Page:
The feature is aimed at helping users “tailor their experience based on interests and relationships,” Facebook (FB) spokesperson Leonard Lam told CNN Business in a statement.
While Facebook prohibits users from having more than one account, the feature would let them create up to five profiles under their account to engage with different topics or groups of people. This might entail profiles (and thus, Facebook feeds) designed for engaging with close friends versus coworkers, or a profile dedicated to a specific hobby like gaming. Bloomberg first reported the new feature test on Thursday.
The test comes as Facebook parent company Meta (FB) experiences slowing profit growth and steep competition from rivals like TikTok, which it is battling for users’ time and attention. In February, Meta shocked investors by posting a rare stalling in quarterly user growth, a trend that reversed slightly in the first quarter of this year.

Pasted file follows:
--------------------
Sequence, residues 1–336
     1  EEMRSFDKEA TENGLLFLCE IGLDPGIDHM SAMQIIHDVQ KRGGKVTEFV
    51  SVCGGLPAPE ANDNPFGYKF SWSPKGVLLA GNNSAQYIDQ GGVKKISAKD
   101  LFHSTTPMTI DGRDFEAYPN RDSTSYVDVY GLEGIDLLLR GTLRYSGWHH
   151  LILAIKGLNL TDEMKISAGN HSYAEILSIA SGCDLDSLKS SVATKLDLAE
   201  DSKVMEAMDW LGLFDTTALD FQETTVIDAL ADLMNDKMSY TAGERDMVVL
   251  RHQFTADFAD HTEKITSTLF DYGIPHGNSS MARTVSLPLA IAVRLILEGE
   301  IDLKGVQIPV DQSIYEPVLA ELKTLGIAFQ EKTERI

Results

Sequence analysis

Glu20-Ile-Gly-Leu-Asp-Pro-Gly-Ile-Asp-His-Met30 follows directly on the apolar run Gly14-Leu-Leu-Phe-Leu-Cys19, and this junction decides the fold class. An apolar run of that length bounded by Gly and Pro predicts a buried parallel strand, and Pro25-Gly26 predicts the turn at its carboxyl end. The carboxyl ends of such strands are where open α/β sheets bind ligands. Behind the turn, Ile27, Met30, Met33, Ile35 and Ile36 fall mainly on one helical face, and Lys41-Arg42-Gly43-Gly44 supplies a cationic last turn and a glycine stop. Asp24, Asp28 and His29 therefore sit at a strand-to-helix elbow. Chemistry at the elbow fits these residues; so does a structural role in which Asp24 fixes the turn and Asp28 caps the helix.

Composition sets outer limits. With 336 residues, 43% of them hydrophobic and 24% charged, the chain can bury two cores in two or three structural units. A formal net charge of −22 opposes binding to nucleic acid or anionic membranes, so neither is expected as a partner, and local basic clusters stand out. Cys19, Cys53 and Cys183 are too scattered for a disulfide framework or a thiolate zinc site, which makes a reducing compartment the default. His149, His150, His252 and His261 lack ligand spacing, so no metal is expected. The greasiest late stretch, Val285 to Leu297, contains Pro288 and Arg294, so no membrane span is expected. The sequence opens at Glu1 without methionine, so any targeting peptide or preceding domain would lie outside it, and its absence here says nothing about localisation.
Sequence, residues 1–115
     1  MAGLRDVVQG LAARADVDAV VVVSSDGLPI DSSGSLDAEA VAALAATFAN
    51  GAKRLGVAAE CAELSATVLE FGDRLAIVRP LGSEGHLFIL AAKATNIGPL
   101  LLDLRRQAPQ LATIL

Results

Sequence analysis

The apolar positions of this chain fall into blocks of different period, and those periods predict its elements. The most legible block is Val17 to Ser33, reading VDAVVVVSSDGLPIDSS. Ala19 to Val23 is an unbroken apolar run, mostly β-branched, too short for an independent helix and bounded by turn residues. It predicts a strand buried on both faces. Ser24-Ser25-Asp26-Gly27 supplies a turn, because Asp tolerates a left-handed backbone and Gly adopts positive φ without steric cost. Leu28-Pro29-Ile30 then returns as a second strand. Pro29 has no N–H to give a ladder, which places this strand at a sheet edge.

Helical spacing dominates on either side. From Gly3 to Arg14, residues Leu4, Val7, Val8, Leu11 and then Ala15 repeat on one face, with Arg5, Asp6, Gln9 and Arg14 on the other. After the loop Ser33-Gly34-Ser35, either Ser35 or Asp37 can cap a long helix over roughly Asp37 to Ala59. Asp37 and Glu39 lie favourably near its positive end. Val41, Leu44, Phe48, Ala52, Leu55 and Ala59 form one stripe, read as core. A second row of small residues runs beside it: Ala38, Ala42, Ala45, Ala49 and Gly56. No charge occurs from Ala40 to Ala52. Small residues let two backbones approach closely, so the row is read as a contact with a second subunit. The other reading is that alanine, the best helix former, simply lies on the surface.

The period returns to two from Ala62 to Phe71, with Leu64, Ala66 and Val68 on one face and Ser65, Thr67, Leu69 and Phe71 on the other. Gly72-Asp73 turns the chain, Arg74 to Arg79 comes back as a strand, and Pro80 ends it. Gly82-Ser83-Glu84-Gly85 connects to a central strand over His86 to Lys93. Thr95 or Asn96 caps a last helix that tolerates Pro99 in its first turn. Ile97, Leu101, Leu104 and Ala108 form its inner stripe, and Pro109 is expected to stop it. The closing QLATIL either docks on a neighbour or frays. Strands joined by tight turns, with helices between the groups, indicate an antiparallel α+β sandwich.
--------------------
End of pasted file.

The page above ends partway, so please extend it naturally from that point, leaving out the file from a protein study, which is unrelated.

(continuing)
Meta is in the midst of transitioning to a company centered around a future, augmented- and virtual-reality enabled “metaverse,” rather than social media. But it needs to keep raking in profits from its existing platforms to fund investments into that vision. The company has recently been working to further integrate Facebook and Instagram — making it easier for users to discover content and engage with communities between both platforms by, for example, showing Instagram Reels in the Facebook feed.
Users of the new mulitple-profile feature will be able to create unique names for each profile they make, but will still be subject to Facebook’s rules prohibiting misrepresentation and impersonating public figures, according to Lam. People’s main profiles must still comply with the platform’s rule to use the name they go by regularly. There will also be certain Facebook features, such as Facebook Dating and the ability to create a page, only available to users’ main profiles.
If a user violates the platform’s community guidelines in one profile, their entire account will be subject to disciplinary action.
“Anyone who uses Facebook must continue to follow our rules,” Lam said.
The company is testing the new feature with users in select countries, according to Lam, although he did not specify where or when the option would be widely available.
July 16, 2022 at 01:39AM